Isabel is a 60-year-old widow with two children and four grandchildren. When her husband died several years ago he left his entire estate to her. Currently, her estate is valued at just over £1m for inheritance tax purposes, with £450,000 represented by the family home.
Isabel meets her adviser to discuss investing £250,000 sitting in a deposit account in an IHT efficient manner. She has made no previous gifts. The account is paying a low rate of interest and to compound matters she is a higher rate taxpayer suffering 40 per cent tax on the interest. She will, however, be a basic rate taxpayer in retirement.
Isabel requires ad hoc access to her investment. Her adviser therefore rules out both a gift trust and a discounted gift trust from an insurance company.
The IHT position
When Isabel dies, her personal representatives will be able to claim a transferable nil-rate band from her late husband. Eligibility is straightforward: transfer is available to survivors of a marriage who die on or after 9 October 2007, regardless of when the first spouse died.
In this case, 100 per cent of her late husband’s NRB was “wasted” (he left his entire estate to Isabel) meaning the NRB on her death can be increased by 100 per cent to £650,000, based on current figures.
Consideration should also be given to current Government proposals, which, if implemented, will effectively increase the IHT threshold for married couples and civil partners to £1m under a new transferable main residence allowance of £175,000 per person.
In short, upon Isabel’s death, there is likely to be an IHT liability, albeit the potential liability may be relatively modest.
After a meeting with her adviser, Isabel decides on a solution comprising an onshore bond “inside” a discretionary loan trust. This proceeds on the basis of three steps:
- Isabel sets up the trust and appoints her two children as additional trustees
- Isabel makes an interest free loan to the trustees
- The trustees purchase an insurance bond with two trustees as lives assured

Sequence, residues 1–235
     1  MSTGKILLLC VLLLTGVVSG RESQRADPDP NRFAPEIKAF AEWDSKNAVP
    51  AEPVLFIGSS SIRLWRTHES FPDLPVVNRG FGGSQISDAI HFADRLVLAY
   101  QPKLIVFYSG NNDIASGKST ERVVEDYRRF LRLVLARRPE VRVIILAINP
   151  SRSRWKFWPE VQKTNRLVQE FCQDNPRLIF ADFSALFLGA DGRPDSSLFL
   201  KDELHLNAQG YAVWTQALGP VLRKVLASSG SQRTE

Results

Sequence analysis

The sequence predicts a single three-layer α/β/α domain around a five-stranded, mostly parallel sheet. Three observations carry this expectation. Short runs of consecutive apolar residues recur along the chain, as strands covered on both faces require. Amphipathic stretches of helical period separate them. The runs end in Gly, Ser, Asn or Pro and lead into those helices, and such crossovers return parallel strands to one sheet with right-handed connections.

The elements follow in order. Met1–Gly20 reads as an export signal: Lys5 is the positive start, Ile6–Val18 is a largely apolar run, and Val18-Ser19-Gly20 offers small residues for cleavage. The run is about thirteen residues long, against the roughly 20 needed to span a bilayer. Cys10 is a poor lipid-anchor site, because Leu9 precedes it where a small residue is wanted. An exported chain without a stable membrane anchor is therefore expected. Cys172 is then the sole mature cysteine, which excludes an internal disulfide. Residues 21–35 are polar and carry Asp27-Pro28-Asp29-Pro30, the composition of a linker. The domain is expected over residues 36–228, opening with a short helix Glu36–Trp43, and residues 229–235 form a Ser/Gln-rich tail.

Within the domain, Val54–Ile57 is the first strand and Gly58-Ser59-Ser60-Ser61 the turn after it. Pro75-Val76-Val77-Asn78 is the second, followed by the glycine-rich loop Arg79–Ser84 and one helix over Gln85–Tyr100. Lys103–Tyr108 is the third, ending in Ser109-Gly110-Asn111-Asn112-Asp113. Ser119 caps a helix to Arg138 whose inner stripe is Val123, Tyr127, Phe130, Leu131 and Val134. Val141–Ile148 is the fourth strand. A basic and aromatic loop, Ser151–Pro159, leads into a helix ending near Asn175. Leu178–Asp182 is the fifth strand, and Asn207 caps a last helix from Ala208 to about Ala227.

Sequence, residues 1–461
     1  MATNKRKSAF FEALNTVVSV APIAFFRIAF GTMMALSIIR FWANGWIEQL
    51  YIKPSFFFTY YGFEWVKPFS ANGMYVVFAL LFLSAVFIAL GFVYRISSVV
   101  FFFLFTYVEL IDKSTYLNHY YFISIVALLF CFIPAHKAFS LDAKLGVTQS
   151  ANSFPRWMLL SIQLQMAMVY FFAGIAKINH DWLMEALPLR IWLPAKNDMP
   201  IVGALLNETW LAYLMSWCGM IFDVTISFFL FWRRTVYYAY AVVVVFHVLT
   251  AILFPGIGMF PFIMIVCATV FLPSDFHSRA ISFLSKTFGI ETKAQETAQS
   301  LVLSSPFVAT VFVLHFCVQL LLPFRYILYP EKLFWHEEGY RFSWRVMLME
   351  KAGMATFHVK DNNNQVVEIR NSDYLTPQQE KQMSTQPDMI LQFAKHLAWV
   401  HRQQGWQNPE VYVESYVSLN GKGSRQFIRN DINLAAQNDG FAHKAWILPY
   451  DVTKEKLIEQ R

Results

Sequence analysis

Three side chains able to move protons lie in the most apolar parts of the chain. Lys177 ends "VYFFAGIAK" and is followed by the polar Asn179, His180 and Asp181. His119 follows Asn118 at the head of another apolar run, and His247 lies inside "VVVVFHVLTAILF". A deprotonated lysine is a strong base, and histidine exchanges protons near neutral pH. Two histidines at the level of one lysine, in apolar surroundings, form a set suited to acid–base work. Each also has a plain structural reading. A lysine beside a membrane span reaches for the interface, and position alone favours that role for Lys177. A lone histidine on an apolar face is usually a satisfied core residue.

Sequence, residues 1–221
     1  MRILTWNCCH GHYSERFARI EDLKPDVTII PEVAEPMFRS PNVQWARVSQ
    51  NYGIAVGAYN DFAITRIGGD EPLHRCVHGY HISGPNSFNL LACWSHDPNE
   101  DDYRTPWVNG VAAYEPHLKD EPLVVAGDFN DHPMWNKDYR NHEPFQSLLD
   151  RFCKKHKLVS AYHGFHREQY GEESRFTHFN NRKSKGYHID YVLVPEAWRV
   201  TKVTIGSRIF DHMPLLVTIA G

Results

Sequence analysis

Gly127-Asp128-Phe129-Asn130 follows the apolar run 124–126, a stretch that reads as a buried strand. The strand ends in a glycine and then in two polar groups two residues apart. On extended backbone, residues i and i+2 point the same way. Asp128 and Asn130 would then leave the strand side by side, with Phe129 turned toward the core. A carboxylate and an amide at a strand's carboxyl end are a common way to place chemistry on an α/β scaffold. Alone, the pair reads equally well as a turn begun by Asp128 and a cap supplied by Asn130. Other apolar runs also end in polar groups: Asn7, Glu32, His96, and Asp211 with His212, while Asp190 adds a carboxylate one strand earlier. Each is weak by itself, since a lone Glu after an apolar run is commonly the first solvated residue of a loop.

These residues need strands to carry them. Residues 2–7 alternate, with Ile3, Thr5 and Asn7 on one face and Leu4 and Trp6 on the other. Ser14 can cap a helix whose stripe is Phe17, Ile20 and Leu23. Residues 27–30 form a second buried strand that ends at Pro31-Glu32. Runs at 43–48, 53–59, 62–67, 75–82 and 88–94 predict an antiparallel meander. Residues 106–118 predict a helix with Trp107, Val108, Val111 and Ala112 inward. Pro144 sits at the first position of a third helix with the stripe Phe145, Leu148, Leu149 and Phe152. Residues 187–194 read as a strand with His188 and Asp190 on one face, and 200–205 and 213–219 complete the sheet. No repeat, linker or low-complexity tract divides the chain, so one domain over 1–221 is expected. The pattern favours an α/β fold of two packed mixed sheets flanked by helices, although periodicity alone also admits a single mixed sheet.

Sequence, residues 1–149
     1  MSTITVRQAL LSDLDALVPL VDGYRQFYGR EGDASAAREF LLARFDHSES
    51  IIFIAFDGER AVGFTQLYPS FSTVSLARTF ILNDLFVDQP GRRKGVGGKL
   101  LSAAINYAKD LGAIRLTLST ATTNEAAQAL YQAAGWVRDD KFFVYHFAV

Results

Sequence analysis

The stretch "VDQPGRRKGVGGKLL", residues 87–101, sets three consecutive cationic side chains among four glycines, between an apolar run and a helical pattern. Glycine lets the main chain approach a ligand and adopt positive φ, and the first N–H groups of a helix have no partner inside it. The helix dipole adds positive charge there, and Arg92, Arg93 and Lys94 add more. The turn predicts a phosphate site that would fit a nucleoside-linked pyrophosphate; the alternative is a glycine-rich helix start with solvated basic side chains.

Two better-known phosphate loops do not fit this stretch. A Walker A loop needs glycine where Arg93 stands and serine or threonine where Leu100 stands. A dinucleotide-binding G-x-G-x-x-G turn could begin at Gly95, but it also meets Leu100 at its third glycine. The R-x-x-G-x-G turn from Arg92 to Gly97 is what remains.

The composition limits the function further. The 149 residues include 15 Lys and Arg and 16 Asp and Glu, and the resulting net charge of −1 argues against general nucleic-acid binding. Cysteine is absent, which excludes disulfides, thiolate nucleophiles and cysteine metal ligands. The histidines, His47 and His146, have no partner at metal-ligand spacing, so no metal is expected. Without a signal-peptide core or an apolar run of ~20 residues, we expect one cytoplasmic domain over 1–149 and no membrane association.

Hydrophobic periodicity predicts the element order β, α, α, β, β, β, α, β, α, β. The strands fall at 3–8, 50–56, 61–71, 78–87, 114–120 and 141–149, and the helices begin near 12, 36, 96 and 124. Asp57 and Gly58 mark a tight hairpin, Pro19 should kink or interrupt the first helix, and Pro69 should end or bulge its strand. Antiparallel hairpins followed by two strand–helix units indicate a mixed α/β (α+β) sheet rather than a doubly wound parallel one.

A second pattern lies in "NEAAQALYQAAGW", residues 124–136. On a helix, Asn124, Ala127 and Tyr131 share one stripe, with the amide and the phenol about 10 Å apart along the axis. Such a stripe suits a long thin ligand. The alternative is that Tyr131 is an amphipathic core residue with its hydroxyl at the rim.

There is no gift for IHT purposes subject to the seven-year rule. Instead, the outstanding loan balance remains inside Isabel’s estate, with the growth arising inside the discretionary trust where her children and grandchildren are potential beneficiaries.
Regarding the loan, Isabel has options. The trustees could repay the loan to her by taking 5 per cent tax deferred withdrawals from outset. Alternatively, given 5 per cent withdrawals are cumulative, the bond could be left intact with larger withdrawals taken in future policy years (for example, 25 per cent of original investment in the fifth year). Alternatively, the trustees could consider encashing segments to raise funds to repay the loan.
If Isabel decided she no longer needed access to the full outstanding loan balance, she could enquire whether her insurance company provides a deed to waive amounts of the loan. This would provide her with IHT planning without disinvesting from the bond. For example, a waiver of £3,000 could be made to utilise Isabel’s annual IHT exemption. Larger waivers would be subject to the seven-year rule.
The likelihood of a discretionary trust charge is remote. In this case, the trustees will have a full NRB meaning there will only be a tenth anniversary charge if the trust fund exceeds that figure. The trust fund is the bond value less the outstanding loan.
As well as considering the IHT impact, income tax must not be overlooked. Firstly, it should be noted Isabel will no longer be in receipt of bank interest subject to higher rate tax. Instead, the trustees own a non-income producing bond meaning an income tax liability may only arise if a chargeable event occurs and a gain is calculated on it. In that event, the liability would fall back on Isabel while she is alive.
If Isabel dies while the arrangement is in place, the bond will continue if there are any surviving lives assured. Note that it is possible for Isabel to instruct that any outstanding loan balance be cancelled on her death. This would avoid the need for the trustees to encash and repay the loan to her estate. The bond would then be dealt with at the discretion of the trustees who would have the following options after her death:
- Keep the bond running
- Encash in the tax year of death with the gain crystallising on Isabel
- Encash in a subsequent tax year, but beware of trustee tax liabilities
- Assign segments to adult beneficiaries, in which case any subsequent encashment gain would fall on the beneficiary
The discretionary loan trust provides Isabel with a flexible solution offering income tax and IHT efficiency with access to original capital on demand.
Graeme Robb is technical manager at Prudential